How to install Microsoft SQL Server on Linux
During the past few years, Microsoft has been investing resources in Linux-related projects. Today you can install Microsoft SQL Server on Linux. All of it began with .NET being open-sourced. Then it was the turn of PowerShell. Microsoft even released a subsystem to run Ubuntu on Windows 10. We could discuss for hours whether these actions are pure open-source spirit or just a big commercial plan. Nevertheless, under Satya Nadella’s leadership Microsoft is changing, and even its attitude toward Linux is changing.
Microsoft SQL Server on Linux
With the umpteenth shocking announcement, Microsoft made SQL Server available for Linux. Now, remember it is still a preview and only runs on Ubuntu and RHEL at the moment. The only requirement exposed by Microsoft is memory: at least 3.25GB no more than 256GB (untested). The current supported versions (and the ones used in this guide) are:
- Ubuntu 16.04 Xenial Xerus
- RHEL 7.2 Maipo (CentOS 7.2 is okay too)
Installing Microsoft SQL Server on Linux
- The first step is to add the repositories, it can be done by performing the following commands. I modified them from the original Microsoft documentation so that you can read the actual contents of each repository.
- The second step is to actually install the software:
- The third step involves the execution of a script that will prompt you to accept the license and set an administrator (SA) password for SQL Server. You will also be asked whether to start and/or enable the service at boot-time.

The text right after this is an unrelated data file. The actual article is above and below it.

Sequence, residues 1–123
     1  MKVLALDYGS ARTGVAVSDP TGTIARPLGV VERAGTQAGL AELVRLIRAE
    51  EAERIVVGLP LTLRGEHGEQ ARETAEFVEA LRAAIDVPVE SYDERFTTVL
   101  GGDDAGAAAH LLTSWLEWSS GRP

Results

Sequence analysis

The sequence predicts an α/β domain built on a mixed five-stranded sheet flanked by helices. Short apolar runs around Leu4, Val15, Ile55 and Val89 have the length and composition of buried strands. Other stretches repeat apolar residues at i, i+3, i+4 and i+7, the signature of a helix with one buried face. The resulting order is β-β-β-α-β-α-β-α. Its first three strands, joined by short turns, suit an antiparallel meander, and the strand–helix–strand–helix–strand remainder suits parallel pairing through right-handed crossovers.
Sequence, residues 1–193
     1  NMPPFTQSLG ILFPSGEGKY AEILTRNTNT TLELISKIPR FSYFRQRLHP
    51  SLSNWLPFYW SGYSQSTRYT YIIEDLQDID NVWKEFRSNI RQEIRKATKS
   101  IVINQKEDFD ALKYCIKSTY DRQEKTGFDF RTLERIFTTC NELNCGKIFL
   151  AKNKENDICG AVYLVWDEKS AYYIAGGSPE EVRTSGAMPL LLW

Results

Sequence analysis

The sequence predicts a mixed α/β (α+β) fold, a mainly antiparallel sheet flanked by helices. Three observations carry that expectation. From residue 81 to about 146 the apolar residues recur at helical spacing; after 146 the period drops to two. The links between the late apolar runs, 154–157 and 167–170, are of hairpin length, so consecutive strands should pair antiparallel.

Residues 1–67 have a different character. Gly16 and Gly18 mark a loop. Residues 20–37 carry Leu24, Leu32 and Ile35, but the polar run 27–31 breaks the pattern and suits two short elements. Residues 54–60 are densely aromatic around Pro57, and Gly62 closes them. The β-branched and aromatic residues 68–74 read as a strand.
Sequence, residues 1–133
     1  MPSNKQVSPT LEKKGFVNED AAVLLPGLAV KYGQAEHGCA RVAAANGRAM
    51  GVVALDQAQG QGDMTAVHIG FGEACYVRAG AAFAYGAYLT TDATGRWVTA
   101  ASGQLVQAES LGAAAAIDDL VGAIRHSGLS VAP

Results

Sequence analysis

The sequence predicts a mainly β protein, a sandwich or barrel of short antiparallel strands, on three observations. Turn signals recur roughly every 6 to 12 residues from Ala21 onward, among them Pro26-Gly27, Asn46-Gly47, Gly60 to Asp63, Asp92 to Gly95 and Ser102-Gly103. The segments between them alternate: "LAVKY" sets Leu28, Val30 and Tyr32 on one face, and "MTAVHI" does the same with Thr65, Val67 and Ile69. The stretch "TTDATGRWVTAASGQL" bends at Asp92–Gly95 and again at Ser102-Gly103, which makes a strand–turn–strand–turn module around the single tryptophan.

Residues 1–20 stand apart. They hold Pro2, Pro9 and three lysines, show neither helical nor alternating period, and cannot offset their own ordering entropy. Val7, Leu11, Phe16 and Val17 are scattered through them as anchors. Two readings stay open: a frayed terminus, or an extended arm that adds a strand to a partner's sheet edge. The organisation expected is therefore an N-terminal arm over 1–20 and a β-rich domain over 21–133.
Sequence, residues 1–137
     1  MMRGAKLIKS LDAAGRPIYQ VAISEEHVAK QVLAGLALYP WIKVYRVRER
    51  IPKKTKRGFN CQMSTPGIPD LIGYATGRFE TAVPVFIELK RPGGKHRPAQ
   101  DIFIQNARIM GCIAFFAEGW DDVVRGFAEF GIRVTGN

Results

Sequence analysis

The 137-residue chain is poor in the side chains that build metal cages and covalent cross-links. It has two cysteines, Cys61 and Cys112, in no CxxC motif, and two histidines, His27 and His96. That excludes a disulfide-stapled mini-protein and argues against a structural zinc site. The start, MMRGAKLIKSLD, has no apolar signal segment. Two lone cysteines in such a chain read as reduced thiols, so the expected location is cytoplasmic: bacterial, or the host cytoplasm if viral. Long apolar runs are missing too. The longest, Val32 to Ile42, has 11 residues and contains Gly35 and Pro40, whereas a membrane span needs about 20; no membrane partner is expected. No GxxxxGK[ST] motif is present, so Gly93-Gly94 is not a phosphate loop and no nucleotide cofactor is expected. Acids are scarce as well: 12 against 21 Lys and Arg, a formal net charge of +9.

- The last step involves adding the rule to the firewall:
Managing Microsoft SQL Server
The newly installed DBMS is now available on the machine and it is controlled by systemD:
Test the connection
Now you should have a functioning installation of Microsoft SQL Server, it is time to access to it. You have two options:
- Use the command line from Linux.
- Use SSMS (SQL Server Management Studio) from a Windows machine.
Linux command line:
$ sqlcmd -S localhost -U SA
1> CREATE DATABASE Test
SQL Server Management Studio
To connect to the server using SQL Server Management Studio, just type the address of the server and select SQL Server Authentication. After that enter username and password (you can use SA and the password you set up using sqlserv-setup).
Here you can see two screenshots of SSMS (version 16.5 and 17.0 RC1) connecting to Ubuntu and CentOS machines.
During the first boot Ubuntu was showing correctly, while CentOS was not. Now both are displayed as Windows NT. I initially tested both using SSMS 16.5, but version 17.0 is required for the correct operating system to show up. (Thanks to David Shiflet and Travis Wright.)
You now know how to install and perform basic operations with Microsoft SQL Server for Linux. Please keep in mind that this is still a preview and it might not work as you expect (e.g. CentOS shows Windows NT).